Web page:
How to get your child to cooperate


At times our little ones may not be as cooperative with us as we wish. Cooperation is when your needs are in harmony with someone else’s. Getting your child to cooperate with you is a team effort. It is important to break down the rules and safety reasons to your child, so they understand the reason behind certain choices and the good in them. Always talk to your child, explain your reasoning but try to keep it at a minimum of words so they can understand clearly. Get down to their eye level and get their attention, once you have it, talk to them. Try not to repeat yourself, sometimes we tend to repeat ourselves and even get upset. Once that occurs, they become less effective in cooperating and our message may even get lost. Always listen to your child’s needs as this can be the easiest and most effective way for them to cooperate. In Montessori, developing your child’s will, rather than oppose it is a key factor to cooperation. We manage to get the children to cooperate without punishment or rewards in the equation by simply following these tips.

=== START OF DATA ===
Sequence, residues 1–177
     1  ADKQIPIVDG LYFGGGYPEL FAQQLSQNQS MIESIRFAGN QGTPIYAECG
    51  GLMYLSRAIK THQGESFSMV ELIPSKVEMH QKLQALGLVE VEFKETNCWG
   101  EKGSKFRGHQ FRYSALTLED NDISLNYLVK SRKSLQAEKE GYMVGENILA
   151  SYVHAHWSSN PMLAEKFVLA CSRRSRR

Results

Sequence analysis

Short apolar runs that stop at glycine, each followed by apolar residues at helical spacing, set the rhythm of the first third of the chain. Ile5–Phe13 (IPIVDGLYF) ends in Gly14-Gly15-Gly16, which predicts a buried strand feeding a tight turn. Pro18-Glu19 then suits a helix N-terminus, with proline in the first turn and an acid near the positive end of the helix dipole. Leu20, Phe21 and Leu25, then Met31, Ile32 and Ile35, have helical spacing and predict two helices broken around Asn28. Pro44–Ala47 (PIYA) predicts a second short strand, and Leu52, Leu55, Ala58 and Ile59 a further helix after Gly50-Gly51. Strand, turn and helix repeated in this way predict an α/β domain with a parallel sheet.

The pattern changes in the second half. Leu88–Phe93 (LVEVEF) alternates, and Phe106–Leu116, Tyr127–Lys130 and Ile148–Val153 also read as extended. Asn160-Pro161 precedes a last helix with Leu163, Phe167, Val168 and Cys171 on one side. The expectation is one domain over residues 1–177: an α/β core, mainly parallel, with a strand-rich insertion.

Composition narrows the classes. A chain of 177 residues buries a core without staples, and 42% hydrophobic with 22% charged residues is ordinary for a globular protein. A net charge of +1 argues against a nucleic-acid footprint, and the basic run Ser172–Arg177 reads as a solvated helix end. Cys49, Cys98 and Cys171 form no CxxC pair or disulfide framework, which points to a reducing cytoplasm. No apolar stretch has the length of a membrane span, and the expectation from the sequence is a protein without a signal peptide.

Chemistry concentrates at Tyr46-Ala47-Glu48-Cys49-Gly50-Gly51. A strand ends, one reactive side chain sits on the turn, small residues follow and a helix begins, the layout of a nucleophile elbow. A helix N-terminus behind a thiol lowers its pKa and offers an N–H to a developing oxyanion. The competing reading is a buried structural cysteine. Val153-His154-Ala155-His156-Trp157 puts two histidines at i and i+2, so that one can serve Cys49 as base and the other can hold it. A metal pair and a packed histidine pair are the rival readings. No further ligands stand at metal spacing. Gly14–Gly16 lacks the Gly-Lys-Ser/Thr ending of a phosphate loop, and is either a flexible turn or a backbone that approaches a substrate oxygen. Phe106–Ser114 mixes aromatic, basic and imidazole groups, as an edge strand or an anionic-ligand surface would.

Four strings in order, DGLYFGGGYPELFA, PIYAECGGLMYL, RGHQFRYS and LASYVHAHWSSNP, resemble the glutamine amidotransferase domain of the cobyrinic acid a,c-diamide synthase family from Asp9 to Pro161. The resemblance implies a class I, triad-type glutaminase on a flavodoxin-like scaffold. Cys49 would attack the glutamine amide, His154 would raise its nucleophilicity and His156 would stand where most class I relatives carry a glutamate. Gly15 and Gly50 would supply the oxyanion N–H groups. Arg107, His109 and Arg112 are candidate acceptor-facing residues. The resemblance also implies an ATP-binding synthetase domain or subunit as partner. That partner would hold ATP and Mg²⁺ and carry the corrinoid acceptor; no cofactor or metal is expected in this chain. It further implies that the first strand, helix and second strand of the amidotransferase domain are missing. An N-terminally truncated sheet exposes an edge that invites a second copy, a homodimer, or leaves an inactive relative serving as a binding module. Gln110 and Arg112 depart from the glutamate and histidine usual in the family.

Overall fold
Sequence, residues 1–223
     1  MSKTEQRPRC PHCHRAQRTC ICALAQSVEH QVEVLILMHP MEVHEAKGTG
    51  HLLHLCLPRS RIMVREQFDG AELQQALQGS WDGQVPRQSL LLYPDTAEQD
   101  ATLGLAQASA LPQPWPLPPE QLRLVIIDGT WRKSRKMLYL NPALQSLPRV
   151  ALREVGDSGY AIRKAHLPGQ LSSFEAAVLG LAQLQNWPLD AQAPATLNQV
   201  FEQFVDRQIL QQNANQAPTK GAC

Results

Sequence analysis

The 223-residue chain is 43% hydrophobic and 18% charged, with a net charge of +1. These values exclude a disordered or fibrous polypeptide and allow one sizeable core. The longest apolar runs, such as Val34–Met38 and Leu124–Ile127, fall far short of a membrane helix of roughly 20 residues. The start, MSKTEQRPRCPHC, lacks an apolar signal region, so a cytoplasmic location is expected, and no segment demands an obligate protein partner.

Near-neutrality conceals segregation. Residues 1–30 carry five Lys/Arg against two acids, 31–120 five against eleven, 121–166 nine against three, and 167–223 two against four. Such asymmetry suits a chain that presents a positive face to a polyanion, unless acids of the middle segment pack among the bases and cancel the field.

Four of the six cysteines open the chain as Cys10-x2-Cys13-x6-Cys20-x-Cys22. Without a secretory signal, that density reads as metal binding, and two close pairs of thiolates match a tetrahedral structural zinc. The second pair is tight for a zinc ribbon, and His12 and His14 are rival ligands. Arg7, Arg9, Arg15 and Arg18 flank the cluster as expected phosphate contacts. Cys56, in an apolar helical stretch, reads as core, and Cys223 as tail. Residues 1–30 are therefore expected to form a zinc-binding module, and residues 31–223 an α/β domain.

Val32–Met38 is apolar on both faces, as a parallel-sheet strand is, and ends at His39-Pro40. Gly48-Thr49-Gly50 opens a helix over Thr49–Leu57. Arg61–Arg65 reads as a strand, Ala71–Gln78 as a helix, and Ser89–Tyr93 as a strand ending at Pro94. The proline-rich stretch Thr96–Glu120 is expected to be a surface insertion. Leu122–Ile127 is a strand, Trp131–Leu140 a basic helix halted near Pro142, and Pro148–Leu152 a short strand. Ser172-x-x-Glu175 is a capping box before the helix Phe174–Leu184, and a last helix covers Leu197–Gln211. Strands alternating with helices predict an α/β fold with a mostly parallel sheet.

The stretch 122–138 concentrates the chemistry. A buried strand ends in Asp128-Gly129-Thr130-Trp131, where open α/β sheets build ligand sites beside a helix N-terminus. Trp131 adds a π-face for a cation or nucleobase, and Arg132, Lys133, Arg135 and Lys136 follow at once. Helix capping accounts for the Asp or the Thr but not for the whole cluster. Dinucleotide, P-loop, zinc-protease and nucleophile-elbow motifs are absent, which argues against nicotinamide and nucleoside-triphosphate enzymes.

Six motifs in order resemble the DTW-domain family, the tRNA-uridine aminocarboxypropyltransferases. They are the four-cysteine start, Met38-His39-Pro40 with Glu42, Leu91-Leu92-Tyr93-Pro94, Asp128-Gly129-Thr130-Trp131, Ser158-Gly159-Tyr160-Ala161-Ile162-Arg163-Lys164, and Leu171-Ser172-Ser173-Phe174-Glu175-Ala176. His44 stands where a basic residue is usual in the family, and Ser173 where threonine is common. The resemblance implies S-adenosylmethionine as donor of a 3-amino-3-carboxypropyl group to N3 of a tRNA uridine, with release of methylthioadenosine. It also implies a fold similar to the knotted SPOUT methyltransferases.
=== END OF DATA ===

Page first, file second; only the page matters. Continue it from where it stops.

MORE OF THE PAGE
Offer suggestions not commands:

No one wants to listen to someone who's giving orders; in fact, it always stimulates resistance. Think about how you feel when someone orders you around. Instead, keep your tone warm and give them choices.

“it is cold outside; would you like me to put on your jacket? Or would you like to put it on yourself?” -limited choices

You need to be comfortable with the choices you are offering

Do chores together

Let your child experience a sense of cooperation by having them be involved.

  • Pick up toys together

  • Wash the car

  • Set the table

  • Bake together

  • Garden

*Tip: Praise and boost their self esteem “You scrubbed our car so well, now our car is so clean”

Describe what you see and feel

Here are a few tips we follow in the Montessori classroom for a successful cooperation

  • Have your child’s attention

  • Use fewer words (Toddlers and preschoolers tend to listen to the last words they hear)

  • Give choices not commands

  • Keep calm

  • Slow down the pace. When dealing with toddlers and young children, rushing is not the preferred option

  • Prepare the environment

  • Set up routines

  • Collaborate with chores

  • Model behavior

“The children have shown love of work which no one suspected to be in them, and a calm and an orderliness in their movements, which surpassing the limits of correctness have entered into those of ‘grace.’ The spontaneous discipline and obedience which is seen in the whole class, constituted the most striking results of our method.”

-Maria Montessori